Microlearning, the educational technique that makes information easier for people to digest by breaking it down into smaller pieces, has been shown to be very effective in helping people remember new material for the long-term.
In a culture in which people are constantly given bite-sized information (blog posts, news stories, social media posts, etc.) it makes sense that a similar approach with corporate learning is more effective.

Microlearning makes new material more approachable and easier to manage for busy employees, because they can fit it into their schedule more easily when it’s in smaller increments.

In-depth training is still ideal for learning core ideas, but microlearning can be perfect for reinforcement or for the simpler issues. This year, make an effort to leverage its power.

Update the Company’s Social Media Policy

Social media continues to complicate the ways that employees share information about their work.

If your organization doesn’t already have a social media policy, work with your attorney to get one in 2019. Making sure your employees understand exactly what’s expected of them when it comes to social media can protect your company’s reputation and prevent uncivil behavior like harassment and bullying among employees.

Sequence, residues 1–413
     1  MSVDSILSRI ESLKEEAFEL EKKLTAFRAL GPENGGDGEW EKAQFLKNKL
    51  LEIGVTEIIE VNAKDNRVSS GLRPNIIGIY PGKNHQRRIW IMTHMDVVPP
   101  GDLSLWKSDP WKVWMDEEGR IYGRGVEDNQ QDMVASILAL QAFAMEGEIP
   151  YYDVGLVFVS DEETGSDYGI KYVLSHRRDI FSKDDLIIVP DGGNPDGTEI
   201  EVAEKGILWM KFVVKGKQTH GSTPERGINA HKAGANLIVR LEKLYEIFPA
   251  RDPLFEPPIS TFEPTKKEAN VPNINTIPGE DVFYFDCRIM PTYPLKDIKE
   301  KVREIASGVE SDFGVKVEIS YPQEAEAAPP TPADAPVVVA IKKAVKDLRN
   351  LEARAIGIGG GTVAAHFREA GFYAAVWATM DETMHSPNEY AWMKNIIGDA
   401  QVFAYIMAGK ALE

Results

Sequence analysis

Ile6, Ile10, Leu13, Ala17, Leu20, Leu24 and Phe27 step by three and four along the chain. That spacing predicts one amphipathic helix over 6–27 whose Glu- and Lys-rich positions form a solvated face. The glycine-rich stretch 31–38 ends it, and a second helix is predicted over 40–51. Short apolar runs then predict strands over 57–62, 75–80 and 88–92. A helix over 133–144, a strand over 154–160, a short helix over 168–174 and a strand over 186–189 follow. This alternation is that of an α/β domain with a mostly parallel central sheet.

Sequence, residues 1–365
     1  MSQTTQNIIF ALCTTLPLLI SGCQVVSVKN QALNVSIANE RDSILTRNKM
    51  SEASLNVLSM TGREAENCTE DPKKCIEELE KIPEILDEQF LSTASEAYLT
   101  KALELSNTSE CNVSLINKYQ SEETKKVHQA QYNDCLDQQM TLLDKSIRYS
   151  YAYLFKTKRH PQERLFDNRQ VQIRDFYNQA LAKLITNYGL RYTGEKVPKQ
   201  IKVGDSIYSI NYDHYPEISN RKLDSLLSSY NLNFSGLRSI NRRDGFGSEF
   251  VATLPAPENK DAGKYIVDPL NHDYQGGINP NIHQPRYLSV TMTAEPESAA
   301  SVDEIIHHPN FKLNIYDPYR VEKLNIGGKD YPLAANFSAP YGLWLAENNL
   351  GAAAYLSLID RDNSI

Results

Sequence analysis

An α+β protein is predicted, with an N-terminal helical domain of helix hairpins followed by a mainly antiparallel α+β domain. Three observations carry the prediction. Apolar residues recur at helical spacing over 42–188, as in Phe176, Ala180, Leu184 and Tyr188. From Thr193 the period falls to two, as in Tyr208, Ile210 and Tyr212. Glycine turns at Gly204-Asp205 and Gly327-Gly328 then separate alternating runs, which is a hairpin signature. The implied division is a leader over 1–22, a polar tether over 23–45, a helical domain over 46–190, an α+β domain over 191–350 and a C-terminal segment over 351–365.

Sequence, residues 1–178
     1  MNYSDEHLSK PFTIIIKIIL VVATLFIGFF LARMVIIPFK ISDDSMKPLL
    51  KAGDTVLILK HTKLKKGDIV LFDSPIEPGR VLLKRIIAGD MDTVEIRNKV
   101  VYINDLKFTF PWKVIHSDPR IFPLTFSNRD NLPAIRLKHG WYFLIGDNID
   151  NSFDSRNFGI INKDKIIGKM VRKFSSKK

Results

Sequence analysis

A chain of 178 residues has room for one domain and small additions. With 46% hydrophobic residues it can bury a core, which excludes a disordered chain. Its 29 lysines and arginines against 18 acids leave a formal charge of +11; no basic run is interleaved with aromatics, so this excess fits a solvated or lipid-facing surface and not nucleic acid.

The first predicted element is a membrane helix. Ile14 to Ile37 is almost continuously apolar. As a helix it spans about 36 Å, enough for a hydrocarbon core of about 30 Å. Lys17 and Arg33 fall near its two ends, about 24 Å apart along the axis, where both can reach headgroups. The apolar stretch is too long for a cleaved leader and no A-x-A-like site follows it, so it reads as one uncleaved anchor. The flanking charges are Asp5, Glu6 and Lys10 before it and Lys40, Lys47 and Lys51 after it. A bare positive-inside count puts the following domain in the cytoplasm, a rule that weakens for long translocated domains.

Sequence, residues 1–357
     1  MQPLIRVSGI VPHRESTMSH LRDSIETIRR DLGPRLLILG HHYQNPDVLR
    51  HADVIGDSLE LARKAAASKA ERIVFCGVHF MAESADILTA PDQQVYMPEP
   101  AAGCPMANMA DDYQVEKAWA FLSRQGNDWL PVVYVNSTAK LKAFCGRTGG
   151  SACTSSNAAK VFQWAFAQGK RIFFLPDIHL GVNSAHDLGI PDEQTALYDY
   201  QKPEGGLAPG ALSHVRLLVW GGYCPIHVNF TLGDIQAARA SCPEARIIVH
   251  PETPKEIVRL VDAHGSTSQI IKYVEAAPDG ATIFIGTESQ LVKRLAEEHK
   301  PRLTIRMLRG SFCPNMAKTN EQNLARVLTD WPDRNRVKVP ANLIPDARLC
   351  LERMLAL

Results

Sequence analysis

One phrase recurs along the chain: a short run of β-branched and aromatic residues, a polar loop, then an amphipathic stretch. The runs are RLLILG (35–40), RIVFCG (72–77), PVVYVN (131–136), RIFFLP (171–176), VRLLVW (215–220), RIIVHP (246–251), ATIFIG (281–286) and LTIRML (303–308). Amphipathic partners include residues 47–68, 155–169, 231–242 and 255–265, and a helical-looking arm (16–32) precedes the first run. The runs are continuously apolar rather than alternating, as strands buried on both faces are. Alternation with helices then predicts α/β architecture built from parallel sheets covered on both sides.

A good social media policy gives employees a very clear idea about what employees are legally allowed to disclose about their work. It also clarifies that the same behavioral guidelines that apply to them when they’re physically in the workplace also apply elsewhere.

Namely, they should know that inappropriate messages or confidentiality breaches can still get them in trouble, even when the messages are private or encrypted (we all know how easy it is to take and share screenshots), or even anonymous (let them know that these messages will be investigated seriously).

Teach Employees How to Listen and Apologize

Good listening and apologizing are some of the most important skills that your employees can have.